Anniversary of sorts

This question from Antony Williams on FriendFeed:

Is PubChem Data Open or not? There are many discussions saying that PubChem data are Open but I see PubChem as a host and the disclaimer does not say “open”:

reminded me that it’s almost a year to the day since Egon Willighagen asked a similar question about PubMed Central content:

I was wondering about this section in the CC license of much of the PMC content, such as our paper on userscripts (section 4a of the CC-BY 2.0):

    You may not distribute, publicly display, publicly perform, or publicly digitally perform the Work with any technological measures that control access or use of the Work in a manner inconsistent with the terms of this License Agreement.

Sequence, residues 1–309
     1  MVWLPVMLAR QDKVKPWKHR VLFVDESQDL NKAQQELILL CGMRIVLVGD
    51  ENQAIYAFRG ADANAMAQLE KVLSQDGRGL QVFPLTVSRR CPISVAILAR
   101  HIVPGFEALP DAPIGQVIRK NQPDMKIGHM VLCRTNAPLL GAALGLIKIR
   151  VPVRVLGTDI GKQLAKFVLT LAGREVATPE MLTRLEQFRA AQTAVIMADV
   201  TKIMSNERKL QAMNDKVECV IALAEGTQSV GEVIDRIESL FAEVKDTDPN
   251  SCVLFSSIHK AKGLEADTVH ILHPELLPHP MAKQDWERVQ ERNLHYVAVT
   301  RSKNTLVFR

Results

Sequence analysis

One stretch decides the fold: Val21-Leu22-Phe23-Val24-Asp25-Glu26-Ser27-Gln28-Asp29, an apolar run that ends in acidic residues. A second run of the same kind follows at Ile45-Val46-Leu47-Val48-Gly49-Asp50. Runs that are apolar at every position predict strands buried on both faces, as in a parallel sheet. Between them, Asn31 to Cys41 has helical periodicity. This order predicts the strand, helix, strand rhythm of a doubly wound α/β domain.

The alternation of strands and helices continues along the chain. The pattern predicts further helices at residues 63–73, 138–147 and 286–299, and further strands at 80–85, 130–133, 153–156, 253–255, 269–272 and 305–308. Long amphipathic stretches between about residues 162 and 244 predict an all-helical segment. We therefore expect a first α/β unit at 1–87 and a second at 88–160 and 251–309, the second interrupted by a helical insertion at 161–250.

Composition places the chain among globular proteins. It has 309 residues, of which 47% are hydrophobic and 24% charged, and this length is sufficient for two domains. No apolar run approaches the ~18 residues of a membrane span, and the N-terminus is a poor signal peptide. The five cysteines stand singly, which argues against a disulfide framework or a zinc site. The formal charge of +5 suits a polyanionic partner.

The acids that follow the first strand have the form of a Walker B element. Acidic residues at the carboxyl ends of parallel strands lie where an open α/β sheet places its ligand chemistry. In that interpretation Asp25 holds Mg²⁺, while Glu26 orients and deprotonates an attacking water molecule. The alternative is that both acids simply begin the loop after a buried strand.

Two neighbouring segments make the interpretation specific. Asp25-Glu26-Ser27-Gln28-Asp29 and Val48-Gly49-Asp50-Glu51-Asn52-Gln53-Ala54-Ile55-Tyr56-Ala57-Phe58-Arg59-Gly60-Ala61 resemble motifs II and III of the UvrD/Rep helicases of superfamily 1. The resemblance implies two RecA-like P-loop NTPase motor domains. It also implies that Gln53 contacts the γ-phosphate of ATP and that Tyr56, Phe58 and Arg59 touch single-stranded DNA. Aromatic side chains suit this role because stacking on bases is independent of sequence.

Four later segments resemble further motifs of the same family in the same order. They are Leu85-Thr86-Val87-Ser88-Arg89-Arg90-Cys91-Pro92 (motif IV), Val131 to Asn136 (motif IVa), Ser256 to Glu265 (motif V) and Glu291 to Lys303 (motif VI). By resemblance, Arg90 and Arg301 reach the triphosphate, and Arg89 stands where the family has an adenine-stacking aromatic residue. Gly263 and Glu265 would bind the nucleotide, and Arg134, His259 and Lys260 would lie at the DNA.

CC-BY 3.0 reads differently, but has similar aims. […] Peter [Murray-Rust, see here] indicates that the NIH has put in place ‘technological measures to control access’ to the distribution of our work on userscripts (the PMC entry). That is in clear violation of the CC license. […] What the PMC website should indicate, instead, is that text mining is allowed for the PMC OAI subset, but that they would highly prefer to use the PMC OAI or PMC FTP routes. This is the least they have to do.

No matter what, I still have the feeling that any technical obstacles are disallowed by the CC-license. Any legal expert here, that can explain me if the CC license allows controlling how people have access to my material?

These are both very good questions, and I still don’t have an answer for Egon’s even after a year. I’m reluctant to go pestering John Wilbanks with every CC-related question I come across, so I’m reposting in the hope that someone will be able to save John from me.

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